MOSCOW, Tver Oblast — Russian air defenses stopped eight drones converging on Moscow, officials said Tuesday, in an attack that authorities blamed on Ukraine, while Russia pursued its relentless bombardment of Kyiv with a third assault on the city in 24 hours.
The Russian defense ministry said five drones were shot down and the systems of three others were jammed, causing them to veer off course. It called the incident a “terrorist attack” by the “Kyiv regime.”
The attack caused “insignificant damage” to several buildings, Moscow Mayor Sergei Sobyanin said. Two people received medical attention for unspecified injuries but did not need hospitalization, he said in a Telegram post. Residents of two high-rise buildings damaged in the attack were evacuated, Sobyanin said.
Andrei Vorobyov, governor of the wider Moscow region, said some of the drones were “shot down on the approach to Moscow.”
Ukraine made no immediate comment on the attack, which would be one of its deepest and most daring strikes into Russia since the Kremlin launched its full-scale invasion of Ukraine more than 15 months ago.
The attacks have raised questions about the effectiveness of Russia’s air defense systems.
A senior Russian lawmaker, Andrei Kartapolov, told Russian business news site RBC that “we have a very big country and there will always be a loophole where the drone can fly around the areas where air defense systems are located.”
Kartapolov said the purpose of the attacks was to unnerve the Russian people. “It’s an intimidation act aimed at the civilian population,” RBC quoted him as saying. “It’s designed to create a wave of panic.”
Moscow residents reported hearing explosions before dawn. Police were seen working at one site of a crashed drone in southwest Moscow. An area near a residential building was fenced off, and police put the drone debris in a cardboard box before carrying it away.
At another site, apartment windows were shattered and there were scorch marks on the building’s front.
It was the second reported attack on Moscow. Russian authorities said two drones targeted the Kremlin earlier this month in what they portrayed as an attempt on President Vladimir Putin’s life.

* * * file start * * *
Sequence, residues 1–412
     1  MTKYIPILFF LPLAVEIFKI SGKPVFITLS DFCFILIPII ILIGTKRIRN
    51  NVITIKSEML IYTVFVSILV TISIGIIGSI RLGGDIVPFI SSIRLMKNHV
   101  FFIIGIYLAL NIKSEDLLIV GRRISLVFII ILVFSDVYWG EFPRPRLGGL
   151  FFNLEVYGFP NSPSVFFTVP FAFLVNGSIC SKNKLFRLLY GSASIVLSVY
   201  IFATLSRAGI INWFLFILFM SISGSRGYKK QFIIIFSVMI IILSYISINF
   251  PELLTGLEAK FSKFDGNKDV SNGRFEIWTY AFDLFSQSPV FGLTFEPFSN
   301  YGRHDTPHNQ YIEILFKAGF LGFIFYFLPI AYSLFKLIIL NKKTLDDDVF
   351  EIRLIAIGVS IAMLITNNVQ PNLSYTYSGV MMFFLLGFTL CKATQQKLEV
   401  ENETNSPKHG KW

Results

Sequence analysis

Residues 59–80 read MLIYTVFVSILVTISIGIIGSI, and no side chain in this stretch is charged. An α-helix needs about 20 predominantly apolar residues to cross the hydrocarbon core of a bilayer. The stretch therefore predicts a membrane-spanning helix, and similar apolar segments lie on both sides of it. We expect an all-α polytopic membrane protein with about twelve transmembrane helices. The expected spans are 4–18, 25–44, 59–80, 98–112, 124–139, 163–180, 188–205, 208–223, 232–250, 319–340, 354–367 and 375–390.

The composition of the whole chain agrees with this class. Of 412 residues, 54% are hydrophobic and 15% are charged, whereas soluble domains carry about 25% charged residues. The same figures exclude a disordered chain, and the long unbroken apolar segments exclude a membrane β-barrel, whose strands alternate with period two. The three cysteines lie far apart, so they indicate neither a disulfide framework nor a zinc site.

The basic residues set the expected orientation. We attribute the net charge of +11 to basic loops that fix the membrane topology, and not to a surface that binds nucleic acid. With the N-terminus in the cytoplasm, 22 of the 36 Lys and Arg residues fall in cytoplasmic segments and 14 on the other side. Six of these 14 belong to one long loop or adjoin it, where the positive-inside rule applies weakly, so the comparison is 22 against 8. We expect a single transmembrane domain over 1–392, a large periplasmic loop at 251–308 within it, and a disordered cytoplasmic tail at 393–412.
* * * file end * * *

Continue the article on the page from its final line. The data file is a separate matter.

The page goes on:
Ukrainian drones have reportedly flown deep into Russia several times. In December, Russia claimed it had shot down drones at airfields in the Saratov and Ryazan regions. Three soldiers were reported killed in the attack in Saratov, which targeted an important military airfield.
Earlier, Russia reported shooting down a Ukrainian drone that targeted the headquarters of its Black Sea Fleet in Sevastopol in Russia-annexed Crimea.
In Ukraine, Russia launched a pre-dawn air raid on Kyiv, killing at least one person and sending the capital’s residents again scrambling into shelters.
At least 20 Shahed explosive drones were destroyed by air defense forces in Kyiv’s airspace in Russia’s third attack on the capital in the past 24 hours, according to early information from the Kyiv Military Administration. Overall, Ukraine shot down 29 of 31 drones fired into the country, most in the Kyiv area, the air force later added.
Before daylight, the buzzing of drones could be heard over the city, followed by loud explosions as they were taken down by air defense systems.
In the overnight attacks on Kyiv, one person died and seven were injured, according to the municipal military administration. A high-rise building in the Holosiiv district caught fire after being hit by debris either from from drones being hit or interceptor missiles.
The building’s upper two floors were destroyed, and there may be people under the rubble, the Kyiv Military Administration said. More than 20 people were evacuated.
Resident Valeriya Oreshko told The Associated Press in the aftermath that even though the immediate threat was over, the attacks had everyone on edge.
“You are happy that you are alive, but think about what will happen next,” the 39-year-old said.
A resident who gave only her first name, Oksana, said the whole building shook when it was hit.
“Go to shelters, because you really do not know where it (the drone) will fly,” she advised others. “We hold on.”
Elsewhere in the capital, falling debris caused a fire in a private house in Darnytskyi district and three cars were set alight in Pechersky district, according to the military administration.
The series of attacks that began Sunday included a rare daylight attack Monday that left puffs of white smoke in the blue skies.
On that day, Russian forces fired 11 ballistic and cruise missiles at Kyiv at about 11:30 a.m., according to Ukraine’s chief of staff, Valerii Zaluzhnyi. All of them were shot down, he said.
Debris from intercepted missiles fell in Kyiv’s central and northern districts during the morning, landing in the middle of traffic on a city road and also starting a fire on the roof of a building, the Kyiv military administration said. At least one civilian was reported hurt.
The Russian Defense Ministry said it launched a series of strikes early Monday targeting Ukrainian air bases with precision long-range air-launched missiles. It claimed the strikes destroyed command posts, radars, aircraft and ammunition stockpiles, but didn’t say anything about hitting cities or other civilian areas.
Associated Press writer Vasilisa Stepanenko in Kyiv, Ukraine, and David Rising in Bangkok contributed to this report. Kozlowska reported from Tallinn, Estonia.